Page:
A new Google Cardboard design is out, to accommodate for larger smartphones, as well as a cardboard button (instead of magnet) as the clicker. And the SDK for the Google Cardboard now also supports iOS. Strangely enough, that’s the most we heard about Virtual Reality from Google. A bit of a letdown if i might say so myself.

And finally, there’s Jump, Google’s attempt at putting VR creation in the public’s control. Jump is basically a 360-degree camera rig, an assembler, and a player. The rig is a design created by Google, that uses 16 cameras, that will synchronise, to create one smooth image. While Google is releasing the rig design later this year, 16 cameras is a lot to spend on. If you DO have that kind of moolah, however, then hold on to it. Because GoPro is going to be building and selling use-ready versions of the device. So 16 GoPros on a rig………actually, maybe I’ll just buy a Caribbean island instead.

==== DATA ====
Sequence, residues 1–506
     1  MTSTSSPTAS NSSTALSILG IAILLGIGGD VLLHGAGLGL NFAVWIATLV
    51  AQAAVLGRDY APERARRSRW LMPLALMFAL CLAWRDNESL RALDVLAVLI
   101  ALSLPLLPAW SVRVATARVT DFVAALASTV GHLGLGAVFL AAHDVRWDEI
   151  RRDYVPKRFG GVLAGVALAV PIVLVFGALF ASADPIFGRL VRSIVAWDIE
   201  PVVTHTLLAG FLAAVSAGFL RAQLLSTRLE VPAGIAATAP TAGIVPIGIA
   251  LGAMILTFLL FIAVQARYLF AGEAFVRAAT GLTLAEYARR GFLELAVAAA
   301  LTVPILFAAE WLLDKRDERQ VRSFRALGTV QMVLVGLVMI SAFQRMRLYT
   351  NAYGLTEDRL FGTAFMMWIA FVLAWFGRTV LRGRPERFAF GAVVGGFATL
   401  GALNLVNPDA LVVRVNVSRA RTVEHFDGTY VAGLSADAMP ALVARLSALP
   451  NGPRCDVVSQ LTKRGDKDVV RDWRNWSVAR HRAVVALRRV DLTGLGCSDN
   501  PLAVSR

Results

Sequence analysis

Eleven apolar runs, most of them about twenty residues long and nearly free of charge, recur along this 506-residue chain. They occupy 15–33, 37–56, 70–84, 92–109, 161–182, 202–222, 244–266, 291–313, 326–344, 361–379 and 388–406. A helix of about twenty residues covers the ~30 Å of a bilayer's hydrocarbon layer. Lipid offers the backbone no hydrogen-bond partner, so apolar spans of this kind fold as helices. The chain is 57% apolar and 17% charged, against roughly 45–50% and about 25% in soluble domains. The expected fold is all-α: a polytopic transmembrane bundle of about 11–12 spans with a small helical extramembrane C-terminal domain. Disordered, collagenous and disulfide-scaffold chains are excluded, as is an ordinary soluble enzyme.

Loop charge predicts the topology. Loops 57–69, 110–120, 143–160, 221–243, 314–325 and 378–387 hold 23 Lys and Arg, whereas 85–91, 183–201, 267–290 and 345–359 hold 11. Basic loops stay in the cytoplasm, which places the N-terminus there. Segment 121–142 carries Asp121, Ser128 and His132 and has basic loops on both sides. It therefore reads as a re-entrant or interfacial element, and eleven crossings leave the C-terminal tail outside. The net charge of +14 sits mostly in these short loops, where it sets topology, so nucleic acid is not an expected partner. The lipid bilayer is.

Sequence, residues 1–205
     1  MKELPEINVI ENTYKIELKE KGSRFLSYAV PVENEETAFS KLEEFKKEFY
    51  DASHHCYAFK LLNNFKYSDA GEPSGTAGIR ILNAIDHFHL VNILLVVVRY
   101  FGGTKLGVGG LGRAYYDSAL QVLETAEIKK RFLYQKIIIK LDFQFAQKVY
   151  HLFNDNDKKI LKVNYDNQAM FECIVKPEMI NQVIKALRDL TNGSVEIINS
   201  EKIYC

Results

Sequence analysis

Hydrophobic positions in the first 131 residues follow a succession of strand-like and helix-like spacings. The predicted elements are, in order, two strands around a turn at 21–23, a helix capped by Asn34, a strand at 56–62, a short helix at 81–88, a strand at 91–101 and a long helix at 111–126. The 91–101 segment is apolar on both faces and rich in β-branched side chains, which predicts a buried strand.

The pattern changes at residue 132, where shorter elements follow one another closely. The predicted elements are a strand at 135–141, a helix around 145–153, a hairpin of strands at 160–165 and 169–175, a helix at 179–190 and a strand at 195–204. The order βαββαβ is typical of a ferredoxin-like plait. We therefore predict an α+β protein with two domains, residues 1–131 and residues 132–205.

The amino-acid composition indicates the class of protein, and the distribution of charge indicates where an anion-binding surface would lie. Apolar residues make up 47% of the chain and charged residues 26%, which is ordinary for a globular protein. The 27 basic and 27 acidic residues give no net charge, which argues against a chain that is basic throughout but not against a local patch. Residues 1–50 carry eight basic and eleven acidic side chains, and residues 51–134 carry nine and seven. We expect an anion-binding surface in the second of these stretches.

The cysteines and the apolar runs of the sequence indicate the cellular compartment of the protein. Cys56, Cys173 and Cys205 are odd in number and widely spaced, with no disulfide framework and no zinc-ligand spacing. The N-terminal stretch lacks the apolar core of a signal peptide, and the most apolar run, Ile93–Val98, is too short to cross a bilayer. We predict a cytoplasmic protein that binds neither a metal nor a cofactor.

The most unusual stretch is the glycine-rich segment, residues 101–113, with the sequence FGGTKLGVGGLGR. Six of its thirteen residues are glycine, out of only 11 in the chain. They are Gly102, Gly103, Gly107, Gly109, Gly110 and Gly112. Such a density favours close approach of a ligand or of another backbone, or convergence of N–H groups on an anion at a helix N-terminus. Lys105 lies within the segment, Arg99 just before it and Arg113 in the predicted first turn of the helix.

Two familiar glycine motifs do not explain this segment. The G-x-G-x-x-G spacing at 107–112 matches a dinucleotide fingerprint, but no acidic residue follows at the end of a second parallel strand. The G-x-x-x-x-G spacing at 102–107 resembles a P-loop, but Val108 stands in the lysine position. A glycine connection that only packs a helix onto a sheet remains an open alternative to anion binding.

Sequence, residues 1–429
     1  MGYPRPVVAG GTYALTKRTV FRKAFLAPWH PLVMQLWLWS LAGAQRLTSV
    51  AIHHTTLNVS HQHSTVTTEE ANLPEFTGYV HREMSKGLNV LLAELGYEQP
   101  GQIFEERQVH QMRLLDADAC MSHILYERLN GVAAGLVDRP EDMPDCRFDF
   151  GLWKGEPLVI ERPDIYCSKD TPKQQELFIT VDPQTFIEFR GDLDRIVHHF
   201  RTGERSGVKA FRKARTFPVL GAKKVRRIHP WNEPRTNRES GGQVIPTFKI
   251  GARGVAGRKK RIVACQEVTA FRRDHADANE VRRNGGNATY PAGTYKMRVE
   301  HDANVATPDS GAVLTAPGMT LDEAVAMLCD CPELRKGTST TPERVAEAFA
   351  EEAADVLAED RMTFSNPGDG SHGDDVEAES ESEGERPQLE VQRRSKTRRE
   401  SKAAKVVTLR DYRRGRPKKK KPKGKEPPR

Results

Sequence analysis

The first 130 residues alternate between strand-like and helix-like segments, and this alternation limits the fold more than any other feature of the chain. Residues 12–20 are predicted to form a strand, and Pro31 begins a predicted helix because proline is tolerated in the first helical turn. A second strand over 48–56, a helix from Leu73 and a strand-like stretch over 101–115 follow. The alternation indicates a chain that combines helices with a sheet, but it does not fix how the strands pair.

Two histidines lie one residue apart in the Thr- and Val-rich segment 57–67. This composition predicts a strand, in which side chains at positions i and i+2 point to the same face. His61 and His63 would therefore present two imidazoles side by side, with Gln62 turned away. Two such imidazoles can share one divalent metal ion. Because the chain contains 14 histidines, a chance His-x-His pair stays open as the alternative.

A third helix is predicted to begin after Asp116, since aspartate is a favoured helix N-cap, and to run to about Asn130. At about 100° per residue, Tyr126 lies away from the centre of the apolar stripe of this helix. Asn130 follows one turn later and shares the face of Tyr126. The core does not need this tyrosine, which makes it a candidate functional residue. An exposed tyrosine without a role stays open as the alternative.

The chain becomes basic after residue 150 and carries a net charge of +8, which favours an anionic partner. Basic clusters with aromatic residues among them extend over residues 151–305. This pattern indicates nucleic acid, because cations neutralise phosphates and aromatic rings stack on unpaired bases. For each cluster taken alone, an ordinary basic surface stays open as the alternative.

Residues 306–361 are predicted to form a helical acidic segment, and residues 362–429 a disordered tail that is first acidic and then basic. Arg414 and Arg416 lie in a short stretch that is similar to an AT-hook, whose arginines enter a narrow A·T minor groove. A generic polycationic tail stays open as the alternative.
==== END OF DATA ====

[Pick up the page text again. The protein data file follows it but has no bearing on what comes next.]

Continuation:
The assembler is a bit of software that kits the feeds together, smoothes them out, and then, renders them in a 360-degree pattern. The special player meanwhile, is not as special as you think. Yup, it’s good ‘ole YouTube. This wasn’t the most surprising announcement, considering YouTube already has support for 360-degree video, but it was definitely an unexpected move.

And those are some of the most important launches at Google I/O 2015. No Nexus announcements, nothing from Space X, and not even a peep from Project Arya. Please Google, I want a modular phone so bad. Why must you torture me? The fact that there’s been no word from Google’s ATAP research team (Advanced Technology and Products) on Project Arya does not bode well for the phone. But then again, there was not even a hint of Google Glass, but the company has been clear the project isn’t scrapped and will be revived soon. So maybe all is not lost.